French President Francois Hollande’s firing of malcontent minister Arnaud Montebourg risks unleashing the ruling Socialist Party’s chief critic of budget cuts, adding to an austerity backlash stirring across Europe.
Montebourg, 51, industry minister for the past two years, will not be part of the new team Hollande names today after he publicly criticized the president for “slavish” and “dogmatic” deficit reduction that he said stokes unemployment.
The dismissal of a top minister underlines the political crisis confronting Hollande as he seeks to balance European Union pressure to reduce the deficit with domestic demands to revive a stalled economy. It also exposes a wider rift in Europe as Italy uses its six-month presidency of the 28-nation EU to make a stand against a German-led drive to clamp down on spending.
“The backlash against austerity has taken some time to arrive, but this is it,” Antonio Barroso, an analyst at Teneo Intelligence in London, said by phone. “Of course Montebourg has done this for his personal ambition, but his timing is good: The mood on this is shifting at the European level.”
With an approval rating of just 17 percent and faced with record-high French unemployment levels, Hollande’s room for maneuver is shrinking as he slips into the second half of his five-year mandate.
His purge of Montebourg from the cabinet merely moves the chief austerity critic from his side into the open, according to Arthur Goldhammer, co-chairman of the French Study Group at Harvard University’s Center for European Studies.
“The breach in the Socialist Party is now an open bleeding wound,” Goldhammer said in a blog posting. “Hollande can push out Montebourg but not the problem he represents.”
Montebourg’s rebellion has a ready audience in his party after Hollande pledged 50 billion euros ($66 billion) in spending cuts over the coming three years, with the savings being used to fund a reduction in payroll taxes for business. In a weekend interview with Le Monde, Montebourg said a third of the money should be used for household tax cuts to lift domestic demand.
Montebourg’s critique was also aimed at Germany, which has led the charge within the EU for fiscal responsibility along with structural reform as a prerequisite for economic recovery. That response was slammed last week by Nobel laureate Joseph Stiglitz, who said that euro-area austerity policies have been a “dismal failure” as evidenced by stalling economic growth.
“The politics of austerity, of higher taxes, decided by governments, have lengthened the economic crisis,” Montebourg said at a news briefing in Paris yesterday. “These errors have raised questions in many European countries,” and “not only are the policies not working, they are unjust.”
That contradicted the message from German Chancellor Angela Merkel, who told reporters in Spain that she wished Hollande, 60, “every kind of success with his reform agenda,” saying the measures he had proposed were “bold.”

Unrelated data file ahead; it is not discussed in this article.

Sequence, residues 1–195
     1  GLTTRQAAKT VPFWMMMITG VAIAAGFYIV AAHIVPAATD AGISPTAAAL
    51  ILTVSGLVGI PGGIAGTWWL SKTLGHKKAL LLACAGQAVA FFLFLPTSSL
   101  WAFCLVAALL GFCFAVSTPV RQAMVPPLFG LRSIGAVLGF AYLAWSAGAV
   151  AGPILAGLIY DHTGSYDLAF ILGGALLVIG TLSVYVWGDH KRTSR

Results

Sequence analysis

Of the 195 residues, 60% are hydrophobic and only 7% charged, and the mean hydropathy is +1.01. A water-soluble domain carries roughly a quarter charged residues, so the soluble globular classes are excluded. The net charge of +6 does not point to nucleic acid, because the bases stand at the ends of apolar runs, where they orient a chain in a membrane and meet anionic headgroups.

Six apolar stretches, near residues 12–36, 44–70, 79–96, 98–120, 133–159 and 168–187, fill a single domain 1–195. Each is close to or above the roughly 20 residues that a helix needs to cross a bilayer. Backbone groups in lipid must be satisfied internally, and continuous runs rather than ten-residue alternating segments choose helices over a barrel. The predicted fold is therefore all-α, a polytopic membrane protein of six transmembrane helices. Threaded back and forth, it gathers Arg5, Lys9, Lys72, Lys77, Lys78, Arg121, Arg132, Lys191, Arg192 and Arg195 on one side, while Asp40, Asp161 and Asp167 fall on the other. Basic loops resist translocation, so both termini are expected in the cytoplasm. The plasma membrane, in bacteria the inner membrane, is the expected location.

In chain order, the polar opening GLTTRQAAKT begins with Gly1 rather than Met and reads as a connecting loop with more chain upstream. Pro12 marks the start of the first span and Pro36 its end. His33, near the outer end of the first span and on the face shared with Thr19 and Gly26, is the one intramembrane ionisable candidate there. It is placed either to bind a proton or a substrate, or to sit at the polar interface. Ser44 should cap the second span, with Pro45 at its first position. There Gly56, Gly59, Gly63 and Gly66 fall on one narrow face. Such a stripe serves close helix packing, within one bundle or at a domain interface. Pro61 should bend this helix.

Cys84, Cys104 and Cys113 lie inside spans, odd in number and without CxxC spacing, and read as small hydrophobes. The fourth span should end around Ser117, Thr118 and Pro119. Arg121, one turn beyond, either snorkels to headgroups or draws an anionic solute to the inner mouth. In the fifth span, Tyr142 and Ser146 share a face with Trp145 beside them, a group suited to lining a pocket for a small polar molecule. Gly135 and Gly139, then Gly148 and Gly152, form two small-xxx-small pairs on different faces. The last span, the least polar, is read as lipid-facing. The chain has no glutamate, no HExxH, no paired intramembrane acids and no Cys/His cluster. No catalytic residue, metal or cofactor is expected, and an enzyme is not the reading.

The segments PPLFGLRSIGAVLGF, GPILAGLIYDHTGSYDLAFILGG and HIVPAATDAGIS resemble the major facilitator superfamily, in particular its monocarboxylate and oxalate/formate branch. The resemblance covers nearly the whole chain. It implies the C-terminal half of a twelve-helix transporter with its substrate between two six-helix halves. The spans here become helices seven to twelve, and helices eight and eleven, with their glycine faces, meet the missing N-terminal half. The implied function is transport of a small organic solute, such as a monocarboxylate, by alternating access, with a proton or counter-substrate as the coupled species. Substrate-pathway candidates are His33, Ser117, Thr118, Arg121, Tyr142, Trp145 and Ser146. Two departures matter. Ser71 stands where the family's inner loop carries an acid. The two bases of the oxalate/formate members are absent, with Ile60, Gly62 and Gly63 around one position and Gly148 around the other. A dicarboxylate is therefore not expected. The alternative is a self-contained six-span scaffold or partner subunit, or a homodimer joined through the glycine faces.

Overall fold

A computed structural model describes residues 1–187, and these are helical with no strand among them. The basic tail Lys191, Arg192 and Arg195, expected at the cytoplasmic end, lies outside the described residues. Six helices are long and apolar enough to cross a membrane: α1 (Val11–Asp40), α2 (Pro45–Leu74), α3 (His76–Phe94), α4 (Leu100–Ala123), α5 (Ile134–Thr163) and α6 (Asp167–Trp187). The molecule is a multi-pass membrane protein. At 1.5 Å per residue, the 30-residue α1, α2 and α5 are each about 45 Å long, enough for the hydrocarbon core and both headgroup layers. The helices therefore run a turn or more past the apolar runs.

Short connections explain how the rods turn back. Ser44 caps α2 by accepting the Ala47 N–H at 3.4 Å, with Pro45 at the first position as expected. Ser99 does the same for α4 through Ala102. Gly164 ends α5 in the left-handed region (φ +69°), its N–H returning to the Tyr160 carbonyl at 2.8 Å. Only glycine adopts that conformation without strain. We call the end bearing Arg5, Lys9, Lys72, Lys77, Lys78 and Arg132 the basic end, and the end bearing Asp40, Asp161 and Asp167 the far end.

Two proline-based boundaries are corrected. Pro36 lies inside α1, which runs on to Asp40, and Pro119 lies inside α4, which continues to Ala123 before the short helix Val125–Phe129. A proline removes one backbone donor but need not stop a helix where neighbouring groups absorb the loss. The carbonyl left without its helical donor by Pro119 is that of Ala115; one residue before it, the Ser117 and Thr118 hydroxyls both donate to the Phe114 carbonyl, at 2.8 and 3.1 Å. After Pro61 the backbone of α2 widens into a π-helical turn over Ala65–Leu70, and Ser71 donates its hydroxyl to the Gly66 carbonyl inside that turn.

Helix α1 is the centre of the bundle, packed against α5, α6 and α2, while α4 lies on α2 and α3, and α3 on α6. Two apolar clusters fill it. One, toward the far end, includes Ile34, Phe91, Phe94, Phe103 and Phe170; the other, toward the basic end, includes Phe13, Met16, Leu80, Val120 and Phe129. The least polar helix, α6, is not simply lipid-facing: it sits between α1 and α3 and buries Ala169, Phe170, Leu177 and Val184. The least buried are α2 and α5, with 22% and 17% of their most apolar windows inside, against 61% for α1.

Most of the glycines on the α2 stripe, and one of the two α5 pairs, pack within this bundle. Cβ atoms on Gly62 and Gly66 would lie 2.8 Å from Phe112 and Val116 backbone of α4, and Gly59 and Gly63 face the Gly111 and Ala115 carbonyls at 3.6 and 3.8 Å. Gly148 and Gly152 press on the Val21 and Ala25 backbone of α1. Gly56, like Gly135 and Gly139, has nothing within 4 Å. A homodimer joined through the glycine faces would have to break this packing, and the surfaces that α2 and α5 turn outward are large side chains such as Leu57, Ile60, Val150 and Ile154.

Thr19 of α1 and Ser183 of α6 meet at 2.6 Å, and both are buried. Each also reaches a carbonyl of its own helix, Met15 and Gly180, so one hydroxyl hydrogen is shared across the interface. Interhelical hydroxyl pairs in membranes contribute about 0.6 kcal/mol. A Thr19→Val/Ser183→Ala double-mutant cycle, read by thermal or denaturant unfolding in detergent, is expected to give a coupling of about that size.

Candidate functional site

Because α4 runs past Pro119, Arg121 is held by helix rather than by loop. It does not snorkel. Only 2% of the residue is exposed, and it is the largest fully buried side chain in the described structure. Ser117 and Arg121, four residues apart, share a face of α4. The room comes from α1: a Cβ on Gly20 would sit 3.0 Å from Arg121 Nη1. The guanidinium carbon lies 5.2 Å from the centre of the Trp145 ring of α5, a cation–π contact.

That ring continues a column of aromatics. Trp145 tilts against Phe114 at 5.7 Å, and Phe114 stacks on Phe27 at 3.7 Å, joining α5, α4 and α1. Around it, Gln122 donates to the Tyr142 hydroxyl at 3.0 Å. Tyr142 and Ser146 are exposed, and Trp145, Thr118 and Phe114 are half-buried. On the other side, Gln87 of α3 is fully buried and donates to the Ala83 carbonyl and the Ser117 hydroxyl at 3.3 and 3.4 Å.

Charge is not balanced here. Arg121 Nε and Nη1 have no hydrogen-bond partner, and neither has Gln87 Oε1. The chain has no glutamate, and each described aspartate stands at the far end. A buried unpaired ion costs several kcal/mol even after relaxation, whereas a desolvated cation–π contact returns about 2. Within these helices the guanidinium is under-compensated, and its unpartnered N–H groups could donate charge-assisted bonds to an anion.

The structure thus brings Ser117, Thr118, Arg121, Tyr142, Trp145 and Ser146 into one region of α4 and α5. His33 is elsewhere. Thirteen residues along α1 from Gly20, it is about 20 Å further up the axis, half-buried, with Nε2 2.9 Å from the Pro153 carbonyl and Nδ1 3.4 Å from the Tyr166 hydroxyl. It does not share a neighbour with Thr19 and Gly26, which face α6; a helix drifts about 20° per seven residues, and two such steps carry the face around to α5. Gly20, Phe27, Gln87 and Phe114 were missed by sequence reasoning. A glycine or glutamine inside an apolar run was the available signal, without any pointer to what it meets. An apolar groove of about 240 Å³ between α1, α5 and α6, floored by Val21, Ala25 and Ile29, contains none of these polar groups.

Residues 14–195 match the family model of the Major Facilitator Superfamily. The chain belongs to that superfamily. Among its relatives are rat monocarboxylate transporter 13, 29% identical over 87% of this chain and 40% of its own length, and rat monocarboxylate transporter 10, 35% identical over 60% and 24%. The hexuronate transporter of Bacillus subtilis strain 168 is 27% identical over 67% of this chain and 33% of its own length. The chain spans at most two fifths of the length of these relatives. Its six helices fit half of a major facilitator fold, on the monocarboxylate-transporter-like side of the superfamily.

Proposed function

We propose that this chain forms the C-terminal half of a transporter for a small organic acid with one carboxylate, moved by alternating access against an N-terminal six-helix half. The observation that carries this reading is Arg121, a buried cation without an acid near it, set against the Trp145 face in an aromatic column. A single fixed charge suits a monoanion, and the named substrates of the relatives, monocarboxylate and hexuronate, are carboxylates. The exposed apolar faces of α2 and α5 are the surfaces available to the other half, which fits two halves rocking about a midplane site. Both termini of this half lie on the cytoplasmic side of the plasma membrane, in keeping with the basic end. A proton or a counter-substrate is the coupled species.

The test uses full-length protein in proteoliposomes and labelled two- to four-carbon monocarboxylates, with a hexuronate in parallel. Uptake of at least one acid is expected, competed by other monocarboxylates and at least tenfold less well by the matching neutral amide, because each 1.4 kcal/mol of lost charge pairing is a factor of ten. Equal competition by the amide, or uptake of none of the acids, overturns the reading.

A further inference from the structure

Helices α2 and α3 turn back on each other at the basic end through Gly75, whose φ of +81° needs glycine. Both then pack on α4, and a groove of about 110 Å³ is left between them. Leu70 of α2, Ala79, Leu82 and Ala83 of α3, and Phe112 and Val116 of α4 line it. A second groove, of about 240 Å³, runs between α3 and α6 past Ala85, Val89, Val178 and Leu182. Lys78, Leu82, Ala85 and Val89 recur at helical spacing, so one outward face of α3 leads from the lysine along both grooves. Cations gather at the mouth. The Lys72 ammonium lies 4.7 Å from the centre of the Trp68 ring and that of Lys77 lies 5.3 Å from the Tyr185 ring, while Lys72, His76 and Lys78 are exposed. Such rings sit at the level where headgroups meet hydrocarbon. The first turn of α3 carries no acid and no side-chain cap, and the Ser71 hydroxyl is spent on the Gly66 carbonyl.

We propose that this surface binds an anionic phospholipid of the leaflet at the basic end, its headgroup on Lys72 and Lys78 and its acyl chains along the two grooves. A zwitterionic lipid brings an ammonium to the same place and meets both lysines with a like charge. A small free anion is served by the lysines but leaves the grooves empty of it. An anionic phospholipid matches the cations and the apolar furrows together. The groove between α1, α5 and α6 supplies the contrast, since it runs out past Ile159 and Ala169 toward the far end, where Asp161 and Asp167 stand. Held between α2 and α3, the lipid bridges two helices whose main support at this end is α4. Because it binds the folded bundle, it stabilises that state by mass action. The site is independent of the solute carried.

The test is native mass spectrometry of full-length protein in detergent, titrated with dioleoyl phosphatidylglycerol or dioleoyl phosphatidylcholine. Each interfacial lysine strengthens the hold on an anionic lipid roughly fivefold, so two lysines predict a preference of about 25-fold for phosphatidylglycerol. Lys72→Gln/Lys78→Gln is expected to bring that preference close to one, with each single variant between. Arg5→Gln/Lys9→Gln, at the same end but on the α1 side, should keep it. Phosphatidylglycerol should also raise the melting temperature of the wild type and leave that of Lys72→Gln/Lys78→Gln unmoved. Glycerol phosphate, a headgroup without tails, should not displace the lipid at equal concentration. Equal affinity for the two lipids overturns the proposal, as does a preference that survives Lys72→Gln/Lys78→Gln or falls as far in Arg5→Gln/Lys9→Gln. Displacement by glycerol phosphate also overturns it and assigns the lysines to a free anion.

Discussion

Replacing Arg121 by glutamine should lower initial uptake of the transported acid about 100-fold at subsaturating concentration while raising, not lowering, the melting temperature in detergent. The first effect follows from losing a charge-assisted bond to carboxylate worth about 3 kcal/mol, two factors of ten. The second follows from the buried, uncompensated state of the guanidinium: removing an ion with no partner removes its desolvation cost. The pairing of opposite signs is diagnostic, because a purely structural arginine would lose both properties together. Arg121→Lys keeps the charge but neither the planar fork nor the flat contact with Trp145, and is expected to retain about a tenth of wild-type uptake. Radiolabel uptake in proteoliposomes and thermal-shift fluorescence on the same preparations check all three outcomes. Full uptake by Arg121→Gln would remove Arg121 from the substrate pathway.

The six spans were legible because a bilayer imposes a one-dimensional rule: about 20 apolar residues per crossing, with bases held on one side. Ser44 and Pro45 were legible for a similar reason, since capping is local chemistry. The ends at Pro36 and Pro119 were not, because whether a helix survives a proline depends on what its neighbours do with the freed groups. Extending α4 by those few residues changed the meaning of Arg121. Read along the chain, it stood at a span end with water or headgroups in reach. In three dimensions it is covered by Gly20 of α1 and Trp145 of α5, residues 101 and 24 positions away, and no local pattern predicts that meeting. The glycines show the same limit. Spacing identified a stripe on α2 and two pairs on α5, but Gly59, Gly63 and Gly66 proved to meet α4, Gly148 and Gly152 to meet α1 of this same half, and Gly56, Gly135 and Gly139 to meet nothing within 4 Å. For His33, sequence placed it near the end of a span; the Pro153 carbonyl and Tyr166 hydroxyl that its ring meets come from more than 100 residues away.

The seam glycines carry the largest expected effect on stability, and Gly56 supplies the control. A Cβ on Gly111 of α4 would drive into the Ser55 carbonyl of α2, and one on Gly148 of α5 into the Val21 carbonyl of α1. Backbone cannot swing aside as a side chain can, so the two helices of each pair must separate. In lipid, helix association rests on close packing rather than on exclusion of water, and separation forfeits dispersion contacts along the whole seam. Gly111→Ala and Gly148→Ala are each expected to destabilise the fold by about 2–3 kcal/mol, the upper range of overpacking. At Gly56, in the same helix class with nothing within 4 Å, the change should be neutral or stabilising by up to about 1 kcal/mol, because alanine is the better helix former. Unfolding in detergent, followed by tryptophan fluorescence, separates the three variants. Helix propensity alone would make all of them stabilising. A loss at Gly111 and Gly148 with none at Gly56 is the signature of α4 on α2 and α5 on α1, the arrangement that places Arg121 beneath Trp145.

Italian Prime Minister Matteo Renzi, 39, emboldened by the strongest showing of any national leader in European Parliament elections in May, is trying to cajole Europe away from austerity and toward more fiscal flexibility by easing the clamp on spending that was applied during the debt crisis.
In doing so, he has found common cause in France as well as among opposition groups in Greece and Spain. Even in Germany, Merkel’s Social Democratic coalition partner called for Italy and France to be granted more time to cut deficits.
In France, the government tore up its budget-deficit targets this month after the economy, the euro-area’s second biggest after Germany, posted no growth in the past two quarters. Jobless claims rose to a record in July.
Montebourg, who intervened earlier this year in Vivendi SA’s efforts to sell its SFR unit and in General Electric’s $17 billion purchase of Alstom SA’s energy business, turned his sights on the European Central Bank last month, calling on it to buy bonds and weaken the euro to boost growth.
“My responsibility is to propose alternative solutions” to austerity, Montebourg said yesterday, calling on others to find “the intellectual and political courage to say it.”
“Yes, another way is possible,” he said. “For France and for Europe.”
That’s an appeal that resonates with elements of his party as they consider a potential meltdown at the next presidential election in 2017. Montebourg, who campaigned in the Socialist primaries of 2011, placing third, pledged then to run again after his defeat by Hollande.
“If the economic data doesn’t improve, Hollande has nothing to sell,” said Barroso of Teneo Intelligence. “That leaves space for Montebourg.”
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